cudaMalloc() vs cudaMallocManaged() wrt to cudaMemcpy()


CUDA guide states that in new NVIDIA GPU, kernel can run in parallel to DMA operations. I am testing this statement by running an experiment on GTX 1080.

This is my setup. There are two different application, A and B, both using CUDA. I am measuring the time taken by application A with and without application B running in the background. Application B just do cudaMemcpyAsync() to and from GPU (No kernel launches). Application A just does kernel launches (No cudaMemcpy()/cudaMemcpyAsync()). If the statement in CUDA guide is correct, the time taken by application A should be independent of whether application B is running or not in parallel.

When application B uses cudaMalloc() for allocating GPU memory, the time taken by application A with and without application B running in the background is same.

But when application B uses cudaMallocManaged(), the runtime of application A significantly increases as compared to when only application A is running.

I am making sure application A and B run on separate CPU cores. Also, each application has their own CUDA streams so I am not using cudaDeviceSynchronize().

Can someone explain to me why this is happening? You should be able to recreate this experiment on your end also.

It’s not typical to use cudaMemcpyAsync with an allocation created by cudaMallocManaged, so I don’t really understand your test.

But I can use cudaMemcpyAync() with cudaMallocManaged(), correct? It is giving me the functionally correct output (I use cudaMemcpy() sometime to reduce the page faults overhead, though I know I can use cudaMemPrefetch() for that. But I think it is a separate discussion as which to use when).

Anyways, though it might not be typical to use cudaMallocManaged() with cudaMemcpy(), but still as I believe it is a valid scenario, I can’t make sense of the behavior that I am seeing. Also, I believe you would see the same behaviour if I used cudaMemprefetch() instead of cudaMemcpyAync() because both are doing the same thing, doing a DMA operation underneath (though semantics are different)

cudaMemPrefetchAsync is the right tool to use if demand-paging is in effect. If demand-paging is not in effect, there’s no reason I can think of to use any of these with managed allocations, if your goal is movement of data between host and device.

Anyway, you seem to think that the right thing to do to others who may be trying to help you is to suggest that they spend a lot of time creating a test case which may or may not match what you are doing, when you already have the test case and it may be simply a matter of copy and paste for you to provide it.

You’re welcome to do what you want, of course, but if I were looking for help, I would try to make it as easy as possible for others to help me.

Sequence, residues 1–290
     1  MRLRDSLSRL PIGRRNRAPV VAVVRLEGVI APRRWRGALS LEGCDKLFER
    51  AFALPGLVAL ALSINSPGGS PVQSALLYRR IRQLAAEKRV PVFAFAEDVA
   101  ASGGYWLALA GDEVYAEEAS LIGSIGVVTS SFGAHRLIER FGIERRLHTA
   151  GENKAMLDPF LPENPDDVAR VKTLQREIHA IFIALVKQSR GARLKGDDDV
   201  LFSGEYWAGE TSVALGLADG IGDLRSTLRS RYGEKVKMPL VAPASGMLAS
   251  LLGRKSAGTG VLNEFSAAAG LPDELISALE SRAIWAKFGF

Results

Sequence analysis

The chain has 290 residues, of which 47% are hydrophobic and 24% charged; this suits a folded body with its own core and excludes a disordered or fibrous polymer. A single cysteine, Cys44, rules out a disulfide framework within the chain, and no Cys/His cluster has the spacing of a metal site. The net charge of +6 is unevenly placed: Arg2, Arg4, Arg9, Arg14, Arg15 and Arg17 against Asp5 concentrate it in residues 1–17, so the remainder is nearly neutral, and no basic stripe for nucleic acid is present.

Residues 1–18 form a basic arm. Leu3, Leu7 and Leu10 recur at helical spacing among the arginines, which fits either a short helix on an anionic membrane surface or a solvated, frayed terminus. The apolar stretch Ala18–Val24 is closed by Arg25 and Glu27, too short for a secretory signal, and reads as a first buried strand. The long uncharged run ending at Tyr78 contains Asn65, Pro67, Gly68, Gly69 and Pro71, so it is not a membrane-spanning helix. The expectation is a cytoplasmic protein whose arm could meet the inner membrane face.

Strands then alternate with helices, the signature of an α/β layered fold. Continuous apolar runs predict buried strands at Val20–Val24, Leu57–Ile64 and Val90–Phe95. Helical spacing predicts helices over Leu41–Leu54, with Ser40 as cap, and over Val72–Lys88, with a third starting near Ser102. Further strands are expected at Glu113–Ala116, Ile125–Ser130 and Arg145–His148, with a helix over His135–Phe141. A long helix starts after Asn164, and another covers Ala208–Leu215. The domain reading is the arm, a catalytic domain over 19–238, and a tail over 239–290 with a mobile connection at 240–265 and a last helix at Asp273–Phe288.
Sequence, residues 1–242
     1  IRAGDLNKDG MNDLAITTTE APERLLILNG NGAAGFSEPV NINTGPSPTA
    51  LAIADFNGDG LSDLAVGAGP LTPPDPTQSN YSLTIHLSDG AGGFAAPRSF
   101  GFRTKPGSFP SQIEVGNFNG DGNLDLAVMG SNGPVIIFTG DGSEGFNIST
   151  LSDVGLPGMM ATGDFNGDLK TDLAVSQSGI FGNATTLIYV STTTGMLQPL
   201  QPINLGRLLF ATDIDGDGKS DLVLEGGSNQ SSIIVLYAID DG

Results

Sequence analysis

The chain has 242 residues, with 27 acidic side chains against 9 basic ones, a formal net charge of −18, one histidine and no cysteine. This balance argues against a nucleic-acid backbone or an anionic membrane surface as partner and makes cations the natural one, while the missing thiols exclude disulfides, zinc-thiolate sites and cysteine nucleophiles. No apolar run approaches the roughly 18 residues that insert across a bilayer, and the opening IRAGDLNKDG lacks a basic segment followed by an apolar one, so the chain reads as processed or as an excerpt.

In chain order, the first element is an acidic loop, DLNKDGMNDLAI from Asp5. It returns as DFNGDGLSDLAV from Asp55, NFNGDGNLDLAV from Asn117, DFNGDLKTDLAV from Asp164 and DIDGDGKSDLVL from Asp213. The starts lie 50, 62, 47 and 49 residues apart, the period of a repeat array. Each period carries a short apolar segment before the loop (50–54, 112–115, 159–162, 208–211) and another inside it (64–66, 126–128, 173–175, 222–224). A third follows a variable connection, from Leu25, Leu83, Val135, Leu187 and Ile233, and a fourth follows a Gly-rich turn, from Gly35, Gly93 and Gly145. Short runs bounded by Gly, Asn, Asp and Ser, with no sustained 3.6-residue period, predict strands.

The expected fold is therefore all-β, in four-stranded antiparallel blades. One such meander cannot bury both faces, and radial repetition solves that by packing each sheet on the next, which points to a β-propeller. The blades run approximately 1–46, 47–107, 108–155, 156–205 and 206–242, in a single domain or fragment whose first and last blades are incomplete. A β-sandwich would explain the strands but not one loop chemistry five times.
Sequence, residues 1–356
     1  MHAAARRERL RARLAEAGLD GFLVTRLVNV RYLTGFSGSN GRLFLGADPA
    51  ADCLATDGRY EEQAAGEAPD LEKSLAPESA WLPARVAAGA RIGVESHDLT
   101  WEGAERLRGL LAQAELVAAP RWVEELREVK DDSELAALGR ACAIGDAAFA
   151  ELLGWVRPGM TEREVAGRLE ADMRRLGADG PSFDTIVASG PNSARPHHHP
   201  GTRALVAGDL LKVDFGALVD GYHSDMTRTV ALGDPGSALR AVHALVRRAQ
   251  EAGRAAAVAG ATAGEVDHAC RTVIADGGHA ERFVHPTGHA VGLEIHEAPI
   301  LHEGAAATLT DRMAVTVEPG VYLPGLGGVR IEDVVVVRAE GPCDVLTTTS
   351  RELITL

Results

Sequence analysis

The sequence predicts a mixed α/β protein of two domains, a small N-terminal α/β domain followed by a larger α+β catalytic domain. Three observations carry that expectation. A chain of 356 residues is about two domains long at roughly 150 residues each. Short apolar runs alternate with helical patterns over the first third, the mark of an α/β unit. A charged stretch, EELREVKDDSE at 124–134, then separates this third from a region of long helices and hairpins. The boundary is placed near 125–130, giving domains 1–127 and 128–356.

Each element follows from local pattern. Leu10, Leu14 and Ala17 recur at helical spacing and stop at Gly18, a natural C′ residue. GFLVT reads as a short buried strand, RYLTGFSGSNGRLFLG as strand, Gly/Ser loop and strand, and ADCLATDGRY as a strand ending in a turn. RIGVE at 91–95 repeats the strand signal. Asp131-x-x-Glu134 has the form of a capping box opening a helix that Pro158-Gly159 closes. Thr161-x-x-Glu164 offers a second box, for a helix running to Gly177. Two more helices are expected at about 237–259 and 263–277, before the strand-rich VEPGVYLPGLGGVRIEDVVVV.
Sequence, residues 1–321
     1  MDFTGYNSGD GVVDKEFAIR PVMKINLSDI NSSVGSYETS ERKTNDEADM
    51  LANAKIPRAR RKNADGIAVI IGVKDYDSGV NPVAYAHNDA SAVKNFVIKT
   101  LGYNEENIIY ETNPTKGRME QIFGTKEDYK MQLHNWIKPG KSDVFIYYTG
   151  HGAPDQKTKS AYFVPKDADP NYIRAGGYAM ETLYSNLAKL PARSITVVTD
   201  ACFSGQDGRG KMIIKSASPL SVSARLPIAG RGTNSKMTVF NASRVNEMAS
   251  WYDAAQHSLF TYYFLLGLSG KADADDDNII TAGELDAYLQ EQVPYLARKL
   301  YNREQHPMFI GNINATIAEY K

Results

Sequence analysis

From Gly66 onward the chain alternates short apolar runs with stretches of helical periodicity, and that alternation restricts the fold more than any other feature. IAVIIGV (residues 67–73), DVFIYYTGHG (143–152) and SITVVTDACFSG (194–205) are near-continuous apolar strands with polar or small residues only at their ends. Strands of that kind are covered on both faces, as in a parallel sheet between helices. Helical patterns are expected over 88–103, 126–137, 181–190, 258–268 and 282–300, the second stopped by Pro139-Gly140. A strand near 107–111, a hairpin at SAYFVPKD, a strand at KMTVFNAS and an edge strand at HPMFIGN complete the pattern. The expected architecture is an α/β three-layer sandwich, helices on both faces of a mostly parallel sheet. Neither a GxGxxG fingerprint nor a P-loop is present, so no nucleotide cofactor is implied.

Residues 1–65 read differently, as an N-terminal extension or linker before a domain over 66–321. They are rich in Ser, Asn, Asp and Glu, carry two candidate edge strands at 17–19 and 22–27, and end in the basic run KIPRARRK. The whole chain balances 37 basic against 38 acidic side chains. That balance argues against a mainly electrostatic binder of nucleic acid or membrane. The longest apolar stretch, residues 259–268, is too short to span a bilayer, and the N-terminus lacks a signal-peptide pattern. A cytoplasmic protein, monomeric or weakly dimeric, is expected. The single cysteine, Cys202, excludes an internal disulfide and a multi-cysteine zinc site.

PFA the tarball. I had to write the test from scratch because my original test was integated with another project (So this code might seem unclean but it shows the difference in timing). But yes, it makes sense that it will be easier for me to send it to you.

Way to recreate test:

  1. Build (make)
  2. Run ./A alone. It takes around 100us on GTX 1080. Kill it.
  3. Run ./B_unmanaged. Now in another shell run ./A. A takes about 130us. That is okay I suppose. Almost same. Kill both processes.
    $) Run ./B_managed. Now in another shell run ./A. A now takes about 250-350 us. Almost 3x increase in time. Kill both processes.

test.tar (20 KB)

Based on what I see the kernel execution times don’t change (make your A app run for just a few iterations, run your B app, then profile a run of your A app.)

I think what you are witnessing is variability in the context switching times between the two processes.

In my case, I see a mix of execution times for the managed case, where sometimes the A measurement is the same as the unmanaged case, and sometimes it is ~3x higher. But the underlying kernel execution times are not changing.

Anyway, it’s not recommended to run multiple processes and context-switch between them if you want maximum performance/throughput. Instead, launch your work from a single process, or barring that, use CUDA MPS.

How about using ‘taskset’ command to give both processes (A and B) different cores? That is what I am doing to avoid them sharing cores. I am also using ‘schedtool’ command to give them real time priority.

So the command I am running is (my machine has 8 CPU threads):
sudo taskset -c 4-7 schedtool -R -p 99 -e ./A # Run A on 4-7 threads with 99 real time priority
sudo taskset -c 0-3 schedtool -R -p 1 -e ./B_managed # Run B on 0-3 threads with 1 real time priority

Can you try this on your end? Thanks.

Also, what do you mean “the underlying kernel execution times are not changing”? Do you mean the time as shown by nvprof?

Also, in actual scenario I am using MPS but I want some sort of isolation between two application (similar to having isolation between A and B).

What I am guessing is that there is some sort of locking between cudaMemcpy() and kernel launch (inside CUDA library), but only in case of cudaMallocManaged(). Is this true? Any way to bypass this?

Thanks for the quick responses though.

also, you haven’t done a proper cudaStreamCreate in your posted codes. Although I don’t think that is contributing anything anomalous here.

I think that when you define a global stream variable, it has a default constructor that gets called initializing it.

That’s not correct.